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Shot my new p-3at today (see other post), but have another question. since the gun doesn't have a slide stop, I was dry firing quite a bit. The owner's manual makes a note about dry firing being a bad thing. Towards the end of my shooting, i began to get a feel for when the mag was on empty and the frequency of dry firing was reduced. How bad is it to dry fire? Do i just need to pay more attention about how many rounds i shoot in order to make a mental note before dry firing?

later,
mm
 

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MM,

SO far... I haven't experienced any problem with dry-fires after the last round. I was a bit concerned about this myself. According to what I've read, it only "dings" the screw thread. I'm OK with that. I have a super accurate lathe and could turn off the first thread or two leaving a "pin" for the firing pin to strike on dry fires. But for now I will leave it alone and "try" to avoid dry fires. After a super good polish job on the feed ramp, the little 380 feeds virtually any brand of ammo now. I'll let you in on a "trick" I did to mine. Make a buffing wheel that's about 1/32" bigger than the feed bore. Get some TRIPOLI polishing compound, and polish the entire FEED BORE. You will never have another FTE again...
 

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Most KTOGer's strongly recommend against dry firing...if you must fire your pistol without live ammo, KTOG members suggest snap caps.

You are like me, I usually "dry fire" once after emptying the mag...I should count my shots!

Try this link...it mentions the results of dry firing...click here

GoVols

P.S. Welcome to KTOG!
 

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I count my shots and find I rarely experience a dry fire. If you're overly concerned, FOR PRACTICE, you could load your mag. with the first "round" being a snap-cap.

Take care..
 

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marsh_maniac said:
Shot my new p-3at today (see other post), but have another question.  since the gun doesn't have a slide stop, I was dry firing quite a bit.  The owner's manual makes a note about dry firing being a bad thing.  Towards the end of my shooting, i began to get a feel for when the mag was on empty and the frequency of dry firing was reduced.  How bad is it to dry fire?  Do i just need to pay more attention about how many rounds i shoot in order to make a mental note before dry firing?  

later,
mm
Most brains can't easily remember 7 things, it takes work. 3-5 is more automatic. Something you might try which worked for me:

BANG-BANG-BANG
BANG - BANG
BANG - BANG
Mag Change.

A triple tap followed by two double taps. This is such a mediocre round as far as stopping power goes that I wanted to train how I would act in a real world situation. They saying goes "if something is worth shooting its worth shooting twice" - hence the double tap. Starting it off with a triple tap because of this small caliber just seemed right and fit my mag count. Then, if you choose to use the +1 extensions, there is an emergency back up round available and/or a round already in the chamber with the mag change so you don't have to rack the slide.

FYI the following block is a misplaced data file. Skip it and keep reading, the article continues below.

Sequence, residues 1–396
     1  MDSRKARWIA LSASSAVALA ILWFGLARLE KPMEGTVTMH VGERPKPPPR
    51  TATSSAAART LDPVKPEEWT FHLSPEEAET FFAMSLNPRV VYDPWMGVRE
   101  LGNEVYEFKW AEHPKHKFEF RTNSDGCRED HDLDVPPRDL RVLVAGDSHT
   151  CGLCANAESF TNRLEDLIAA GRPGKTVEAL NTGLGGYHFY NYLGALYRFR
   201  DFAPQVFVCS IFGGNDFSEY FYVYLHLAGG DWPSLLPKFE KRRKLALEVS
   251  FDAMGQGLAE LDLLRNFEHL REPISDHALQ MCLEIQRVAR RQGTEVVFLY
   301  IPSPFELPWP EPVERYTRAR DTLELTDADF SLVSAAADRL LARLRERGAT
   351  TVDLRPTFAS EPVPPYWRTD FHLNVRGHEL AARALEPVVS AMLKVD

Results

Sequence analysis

-Scott
 

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At the range I load 5 and shoot 5.

Others have loaded a snap cap into the magazine first so that it's the last round chambered and makes for a safe dry fire.

My P3 has easily a dozen or two dry fires on it from letting friends run through a few magazines and I've only recently (last 3-4 magazines) experienced a few FTFires due to light strikes but (I hesitate to mention this) I have nearly 500 flawless rounds through the P3 and the only time it's ever been cleaned was the day I bought it and the only lube in my gun is Break Free CLP. So, it's probably gunk around the firing pin, I'll find out later today or tomorrow when I break it down to parts.
 

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An extra screw (call KT serive dept) is a good spare part to keep on hand. I try to count and avoid dry-firing. It is not a good thing. If I loose count, I look at the breech. You can see a glint of brass if a round is chambered. ;)
 

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Dry firing is not a good thing. I have received a couple of slides for plating that I had to drill out the Button Head screw because the threads were so damaged from dry firing. Also metal shavings from the screw can lodge around the firing pin and lock it up.
 

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TxCajun said:
An extra screw (call KT serive dept) is a good spare part to keep on hand.  I try to count and avoid dry-firing.  It is not a good thing.  If I loose count, I look at the breech.  You can see a glint of brass if a round is chambered.  ;)
I look at the gap in the breech too if I lose count Tx.  It's foolproof!  Also, an extra screw won't do you any good if you bashed up the threads too much for you to be able to remove it (unless you're prepared and capable of drilling it out like sprinter1).  So...we all agree, dry firing a P3AT is not a good idea.  However...you may never have to remove the screw.  I think that the reasonable call is to minimize the "dry fires" and don't worry about it!   ;D
 

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adamsesq said: